Quake Analysis Team On Field Visit In Kodagu
Earthquake Monitoring Centre with hi-tech equipment to come up at a cost of Rs. 30 lakh
Kushalnagar: After a series of earthquakes hitting parts of Kodagu district, especially Madikeri Taluk which witnessed large-scale floods and landslides in 2017 and 2018, a team from Karnataka State Natural Disaster Monitoring Centre (KSNDMC) from Bengaluru is camping in the district to study the tremor patterns.
The two-member team comprising KSNDMC Scientific Officer Jagadeesh and Junior Scientific Officer Ramesh arrived in Madikeri and is on field trips for data analysis.
After an earthquake measuring 3.0 on the Richter Scale shook parts of Madikeri Taluk and the areas bordering Dakshina Kannada at 7.45 am yesterday, another quake with 1.8 magnitude hit the same place at 4.32 pm and like in the morning quake, the epicentre was at 5.8 km northwest of M. Chembu Gram Panchayat.
The evening tremors were felt at Karike, Sampaje and parts of Sullia Taluk of Dakshina Kannada. Yesterday’s two quakes were preceded by two more quakes, the first on June 23 (measuring 3.4 on the Richter Scale) and the second that was reported on June 26 with a magnitude of 2.3 on the Richter Scale.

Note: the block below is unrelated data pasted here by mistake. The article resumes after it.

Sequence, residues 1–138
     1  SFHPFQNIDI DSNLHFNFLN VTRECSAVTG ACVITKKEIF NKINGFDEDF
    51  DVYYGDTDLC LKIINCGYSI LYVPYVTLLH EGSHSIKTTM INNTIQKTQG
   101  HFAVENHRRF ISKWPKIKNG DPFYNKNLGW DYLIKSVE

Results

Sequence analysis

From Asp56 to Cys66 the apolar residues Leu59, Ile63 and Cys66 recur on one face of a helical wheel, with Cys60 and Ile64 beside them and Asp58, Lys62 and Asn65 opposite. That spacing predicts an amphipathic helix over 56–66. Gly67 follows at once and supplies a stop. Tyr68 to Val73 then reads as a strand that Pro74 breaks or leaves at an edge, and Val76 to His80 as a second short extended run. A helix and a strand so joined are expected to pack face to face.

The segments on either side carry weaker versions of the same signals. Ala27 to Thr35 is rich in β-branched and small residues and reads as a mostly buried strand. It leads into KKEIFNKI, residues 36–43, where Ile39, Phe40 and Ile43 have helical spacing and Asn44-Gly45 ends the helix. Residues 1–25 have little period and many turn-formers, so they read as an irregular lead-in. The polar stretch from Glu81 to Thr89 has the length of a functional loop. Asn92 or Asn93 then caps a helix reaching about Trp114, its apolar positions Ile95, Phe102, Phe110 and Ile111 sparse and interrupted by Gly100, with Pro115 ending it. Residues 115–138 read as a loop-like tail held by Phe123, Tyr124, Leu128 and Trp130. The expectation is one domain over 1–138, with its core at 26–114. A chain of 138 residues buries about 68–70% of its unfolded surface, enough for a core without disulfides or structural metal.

The KSNDMC team has come to Kodagu with instrumentation and radiation measuring equipment for analysis and to figure out how the data can be used to calculate the true ground motion. Instrumentation will enable the team to quantify salient properties such as focal depth, magnitude, active ground faults and source characteristics.
Report to be submitted to DC
Kodagu Deputy Commissioner Dr. B.S. Satish told Star of Mysore that the team will visit the quake epicentres like M. Chembu and Karike villages and study the data. “The team will study the patterns and will submit a report and the people will be informed accordingly and there is no reason for panic. There is a proposal to set up a Monitoring Centre in Kodagu looking at the frequency of the quakes,” he said.
Sources said that the Monitoring Centre will be established at a cost of Rs. 30 lakh and a team of scientists will be stationed in Kodagu to continuously monitor and transmit the data. A Broadband Seismometer and Strong Motion Axelograph machines will be set up as part of the Monitoring Centre.
While the Broadband Seismometer is capable of sensing ground motions over a wide range of frequencies, the Strong Motion Axelograph will monitor the response of a structure during an earthquake, whether it is a building, bridge, dam, power station, or any other critical infrastructure that could be affected by a large earthquake, sources added.